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Euro currency marks 20th anniversary

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The single European currency will celebrate its 20th anniversary on Tuesday.

The euro was born on 1 January, 1999. The euro initially existed only as a virtual currency used in accounting and financial transactions. It became a physical reality for Europeans three years later, and its coins and notes are now used by over 340 million people in 19 European Union countries.

The currency wasn’t immediately loved, with many perceiving its arrival as an unwelcome price hike. In Germany, it was nicknamed the “teuro”, a pun on the German word for expensive.
But the ease of travelling and doing business across borders in the euro area without having to worry about foreign exchange fluctuations quickly won hearts and minds.

Today the euro is more popular than ever despite the rise of eurosceptic, populist movements in a slew of countries.

The euro is now the world’s number-two currency, though it remains some way off from challenging the dominance of the US dollar.

The euro reached a defining moment when the aftershocks of the 2008 financial crisis triggered a eurozone debt crisis that culminated in bailouts of several countries, pushing the currency union to breaking point and severely testing the club’s unity.

Experts say the turbulent time exposed the original flaws of the euro project, including the lack of fiscal solidarity through the pooling of debt, investments and therefore risks, or the lack of a lender of last resort.

“Europeans have benefited from the convenience, stability and security of the euro for 20 years. Although many citizens today have never known any other currency or have forgotten what life was like before, popular support for the common currency continues to grow,” the European Commission says on its website.

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Economy

Mercedes maintains global luxury sales crown

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Mercedes-Benz kept the global luxury sales crown for the third consecutive year in 2018, outpacing nearest rival BMW by nearly 200,000 vehicles.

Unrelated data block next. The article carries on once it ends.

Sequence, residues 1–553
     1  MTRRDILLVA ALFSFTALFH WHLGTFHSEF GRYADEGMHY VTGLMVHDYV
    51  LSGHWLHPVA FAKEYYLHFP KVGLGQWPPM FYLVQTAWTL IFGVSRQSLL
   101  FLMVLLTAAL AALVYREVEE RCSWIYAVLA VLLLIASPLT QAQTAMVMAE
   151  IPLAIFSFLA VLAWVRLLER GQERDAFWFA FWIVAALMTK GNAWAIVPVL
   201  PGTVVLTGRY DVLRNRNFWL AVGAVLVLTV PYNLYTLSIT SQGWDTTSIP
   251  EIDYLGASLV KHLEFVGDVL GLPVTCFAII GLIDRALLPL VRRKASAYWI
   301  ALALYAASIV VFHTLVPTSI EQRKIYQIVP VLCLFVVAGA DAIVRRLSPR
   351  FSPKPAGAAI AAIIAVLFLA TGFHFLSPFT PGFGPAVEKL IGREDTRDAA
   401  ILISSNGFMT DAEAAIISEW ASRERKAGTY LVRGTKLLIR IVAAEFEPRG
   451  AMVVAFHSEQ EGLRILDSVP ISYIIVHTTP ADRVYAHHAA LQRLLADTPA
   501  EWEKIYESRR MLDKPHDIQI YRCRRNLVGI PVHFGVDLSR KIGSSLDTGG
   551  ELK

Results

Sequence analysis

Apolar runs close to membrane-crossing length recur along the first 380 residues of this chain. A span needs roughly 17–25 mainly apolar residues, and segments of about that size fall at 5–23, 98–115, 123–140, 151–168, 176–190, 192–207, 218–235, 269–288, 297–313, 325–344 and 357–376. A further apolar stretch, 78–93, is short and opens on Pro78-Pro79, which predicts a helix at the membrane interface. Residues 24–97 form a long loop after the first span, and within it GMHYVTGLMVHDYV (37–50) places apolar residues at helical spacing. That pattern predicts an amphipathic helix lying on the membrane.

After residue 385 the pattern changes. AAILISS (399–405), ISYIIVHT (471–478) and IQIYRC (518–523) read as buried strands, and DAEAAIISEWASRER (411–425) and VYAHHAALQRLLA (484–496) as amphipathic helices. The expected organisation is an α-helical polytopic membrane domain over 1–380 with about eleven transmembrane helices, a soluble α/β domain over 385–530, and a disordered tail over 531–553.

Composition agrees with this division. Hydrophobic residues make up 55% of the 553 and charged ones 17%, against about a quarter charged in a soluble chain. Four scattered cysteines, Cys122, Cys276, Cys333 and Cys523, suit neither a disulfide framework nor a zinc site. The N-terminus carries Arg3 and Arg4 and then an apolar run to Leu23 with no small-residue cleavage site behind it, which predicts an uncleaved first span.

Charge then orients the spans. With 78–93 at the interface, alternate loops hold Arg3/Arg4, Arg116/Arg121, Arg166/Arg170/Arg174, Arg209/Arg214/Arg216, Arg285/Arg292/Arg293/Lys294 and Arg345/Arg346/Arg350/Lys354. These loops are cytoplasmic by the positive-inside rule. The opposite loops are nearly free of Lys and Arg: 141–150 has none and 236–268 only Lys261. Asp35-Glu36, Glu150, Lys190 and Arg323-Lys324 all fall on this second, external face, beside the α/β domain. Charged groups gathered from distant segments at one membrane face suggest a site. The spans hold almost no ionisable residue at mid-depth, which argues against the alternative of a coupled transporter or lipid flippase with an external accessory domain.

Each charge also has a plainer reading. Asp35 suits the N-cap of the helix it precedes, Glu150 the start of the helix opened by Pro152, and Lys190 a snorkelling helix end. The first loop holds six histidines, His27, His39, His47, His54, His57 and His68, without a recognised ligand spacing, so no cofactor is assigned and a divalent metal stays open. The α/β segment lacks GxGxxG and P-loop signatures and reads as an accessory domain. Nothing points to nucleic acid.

Sales of Mercedes brand cars rose 0.9 percent to 2.31 million, lifted by the introduction of the new A-class model, which helped compact-car sales account for a quarter of the brand’s annual volume.

BMW brand’s volume increased 1.8 percent to 2.12 million, boosted by demand for its SUVs, which accounted for over a third of registrations. Third-placed Audi’s vehicle sales fell 3.5 percent to 1.87 million.

European volume declined for all three automakers last year.

Audi’s deliveries dropped most with a 14 percent fall, which parent Volkswagen Group unit blamed on model changeovers, political and economic uncertainties along with the introduction of the new WLTP testing regime. Mercedes sales were down 2.3 percent, while BMW’s sales declined by 0.3 percent.

In the United States, BMW’s volume rose by 0.5 percent. Mercedes sales dropped 6.3 percent and Audi fell 1.4 percent.

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Economy

Etihad Airways to lay off 50 pilots this month

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Abu Dhabi’s Etihad Airways plans to cut 50 pilot jobs by end of this month after a significant loss last year, two sources who have seen an internal memo by the airline told Reuters on Thursday.

The state-owned Gulf carrier has been reviewing its business since 2016 after a strategy of investing billions of dollars in other airlines failed.

Etihad has around 160 surplus pilots and will lay off 50 by the end of January, the airline told pilots in the memo, according to the sources, who declined to be named because the memo was intended to be private.

The Abu Dhabi-based carrier employs 2,065 pilots, the sources added.

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Economy

Amazon is most valuable company in the world after passing Microsoft

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Amazon.com Inc. surpassed Microsoft Corp. to become the world’s largest public company on Monday, in the latest example of the list of Wall Street’s biggest names being reordered.

Amazon is now now the largest company by market value, overtaking Microsoft’s hold on the title.

Amazon’s ended trading Monday with a market value of about $797 billion, compared with Microsoft’s $783 billion. Apple, which had been part of a close three-way race for the seat, is now down to about $702 billion in market value after plunging last week on the news of its weak iPhone sales. Google parent company Alphabet has surpassed Apple with a market value of about $748 billion.

Shares of the e-commerce company rose 3.4 percent, a rally that gave it a market capitalization of $797 billion, according to Bloomberg data. While this is down from Amazon’s record market cap, which topped $1 trillion in September, it was enough to push it past Microsoft at $789 billion. Shares of Microsoft, which claimed the title of the world’s most valuable stock in November, rose 0.1 percent on Monday.

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